To the editor:
Looking at our city election choices, it’s very clear that the choice of a mayor is, in itself, the real problem.
The city lacks proven professional executive leadership. The charter needs to be changed back to hiring a seasoned professional city manager, preferably one with 10 years’ experience running a slightly larger city.
It is hard to believe any local mayor could walk into a human resources office for a $110 million-a-year concern and land a CEO’s job or equivalent. Yet Gloucester is that size corporation. We have a professional chief financial officer; we deserve a seasoned professional CEO.
If we had one, I-4, C-2 would have had a marine biolab on it already, instead of that deal going south after the so-called “Idea Development” design competition that no one could win. We would not have pursued a “HarborWalk” ahead of more substantial seaport bond funding for needed waterfront infrastructure. We also wouldn’t be wasting a 16-acre site with direct highway-access opportunities like Fuller School — a property that could create more needed jobs — while the administration simply decides what should go there next.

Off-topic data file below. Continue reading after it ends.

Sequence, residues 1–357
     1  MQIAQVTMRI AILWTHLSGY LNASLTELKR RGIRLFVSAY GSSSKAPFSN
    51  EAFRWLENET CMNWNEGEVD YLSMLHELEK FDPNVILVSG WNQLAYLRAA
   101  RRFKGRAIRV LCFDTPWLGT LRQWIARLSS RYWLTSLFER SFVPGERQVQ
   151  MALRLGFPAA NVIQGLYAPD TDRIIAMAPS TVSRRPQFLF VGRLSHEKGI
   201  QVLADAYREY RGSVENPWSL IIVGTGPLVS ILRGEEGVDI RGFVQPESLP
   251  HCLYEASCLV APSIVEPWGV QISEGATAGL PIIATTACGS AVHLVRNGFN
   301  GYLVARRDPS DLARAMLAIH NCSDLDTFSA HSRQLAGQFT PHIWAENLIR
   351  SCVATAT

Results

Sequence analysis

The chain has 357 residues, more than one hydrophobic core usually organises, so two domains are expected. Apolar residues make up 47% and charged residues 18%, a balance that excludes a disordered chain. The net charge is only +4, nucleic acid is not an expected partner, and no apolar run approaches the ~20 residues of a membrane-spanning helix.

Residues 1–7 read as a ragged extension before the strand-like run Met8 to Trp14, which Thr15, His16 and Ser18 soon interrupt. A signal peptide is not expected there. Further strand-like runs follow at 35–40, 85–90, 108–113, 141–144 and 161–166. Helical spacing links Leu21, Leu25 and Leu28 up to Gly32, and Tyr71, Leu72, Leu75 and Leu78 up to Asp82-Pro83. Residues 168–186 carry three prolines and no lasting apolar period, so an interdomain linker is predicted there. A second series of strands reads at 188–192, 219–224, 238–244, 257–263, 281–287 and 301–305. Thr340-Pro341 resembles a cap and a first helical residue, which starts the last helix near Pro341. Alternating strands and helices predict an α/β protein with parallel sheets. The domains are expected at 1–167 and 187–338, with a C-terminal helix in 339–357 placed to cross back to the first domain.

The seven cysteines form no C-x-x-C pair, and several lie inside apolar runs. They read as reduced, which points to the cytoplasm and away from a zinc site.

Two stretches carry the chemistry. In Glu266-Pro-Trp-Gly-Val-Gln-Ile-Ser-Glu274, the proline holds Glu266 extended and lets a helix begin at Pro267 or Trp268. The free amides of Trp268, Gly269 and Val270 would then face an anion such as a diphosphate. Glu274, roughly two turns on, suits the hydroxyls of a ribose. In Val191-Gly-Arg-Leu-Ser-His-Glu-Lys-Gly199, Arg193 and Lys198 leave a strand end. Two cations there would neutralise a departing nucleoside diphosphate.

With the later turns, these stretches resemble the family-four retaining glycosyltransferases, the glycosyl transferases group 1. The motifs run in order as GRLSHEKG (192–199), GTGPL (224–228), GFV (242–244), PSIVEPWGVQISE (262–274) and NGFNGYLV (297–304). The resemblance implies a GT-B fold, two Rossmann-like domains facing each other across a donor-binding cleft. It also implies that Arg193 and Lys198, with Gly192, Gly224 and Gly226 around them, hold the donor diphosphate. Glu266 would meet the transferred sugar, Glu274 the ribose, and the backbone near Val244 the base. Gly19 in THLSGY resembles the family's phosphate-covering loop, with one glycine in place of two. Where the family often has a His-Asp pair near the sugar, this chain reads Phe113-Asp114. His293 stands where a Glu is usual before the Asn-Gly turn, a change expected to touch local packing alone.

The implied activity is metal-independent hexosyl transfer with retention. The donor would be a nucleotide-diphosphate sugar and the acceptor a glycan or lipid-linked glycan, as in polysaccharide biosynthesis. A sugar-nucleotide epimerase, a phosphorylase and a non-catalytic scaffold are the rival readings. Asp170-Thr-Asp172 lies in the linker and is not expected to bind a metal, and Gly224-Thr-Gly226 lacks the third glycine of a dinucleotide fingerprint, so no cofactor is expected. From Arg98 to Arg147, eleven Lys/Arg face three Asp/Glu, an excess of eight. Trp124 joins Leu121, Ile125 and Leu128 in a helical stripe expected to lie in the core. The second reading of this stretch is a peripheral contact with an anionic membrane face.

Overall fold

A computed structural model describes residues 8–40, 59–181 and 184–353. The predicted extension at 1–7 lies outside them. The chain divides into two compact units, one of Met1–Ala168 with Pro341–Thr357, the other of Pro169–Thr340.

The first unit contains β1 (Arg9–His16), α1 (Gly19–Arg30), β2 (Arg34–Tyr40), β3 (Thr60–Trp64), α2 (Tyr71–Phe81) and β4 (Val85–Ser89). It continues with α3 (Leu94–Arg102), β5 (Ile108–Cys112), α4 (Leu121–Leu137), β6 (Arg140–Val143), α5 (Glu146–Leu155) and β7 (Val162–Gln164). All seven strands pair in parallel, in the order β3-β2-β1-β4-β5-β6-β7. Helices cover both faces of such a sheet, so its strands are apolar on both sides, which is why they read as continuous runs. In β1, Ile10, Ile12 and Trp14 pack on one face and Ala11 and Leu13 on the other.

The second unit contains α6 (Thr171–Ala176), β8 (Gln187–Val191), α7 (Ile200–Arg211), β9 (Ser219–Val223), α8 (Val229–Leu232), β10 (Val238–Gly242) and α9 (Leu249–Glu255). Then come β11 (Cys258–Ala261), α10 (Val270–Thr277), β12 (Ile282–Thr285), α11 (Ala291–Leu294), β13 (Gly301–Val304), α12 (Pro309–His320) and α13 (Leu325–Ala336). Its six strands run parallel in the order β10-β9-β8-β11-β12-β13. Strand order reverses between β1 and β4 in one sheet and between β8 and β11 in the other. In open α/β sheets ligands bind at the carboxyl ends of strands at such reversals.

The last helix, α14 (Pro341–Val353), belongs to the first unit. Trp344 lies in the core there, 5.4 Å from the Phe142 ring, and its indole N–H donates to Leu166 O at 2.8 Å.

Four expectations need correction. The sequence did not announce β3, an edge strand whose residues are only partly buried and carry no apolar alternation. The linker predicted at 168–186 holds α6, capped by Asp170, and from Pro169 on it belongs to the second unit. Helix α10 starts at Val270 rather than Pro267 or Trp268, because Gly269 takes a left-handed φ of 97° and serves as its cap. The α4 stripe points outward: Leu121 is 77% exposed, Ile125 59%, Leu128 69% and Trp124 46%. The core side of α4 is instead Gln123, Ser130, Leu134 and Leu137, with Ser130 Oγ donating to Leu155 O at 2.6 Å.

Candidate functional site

The city has to be run far more professionally. We face a lot of change as a community, and infrastructure renewal problems as well.
We can not afford to continue with this office of mayor as it is now structured. The charter should be changed after this election.
At this point in the city’s evolution, the mayor should be a ribbon cutter and host to visitors with an annual minimal honorarium fee.
Main Street, Gloucester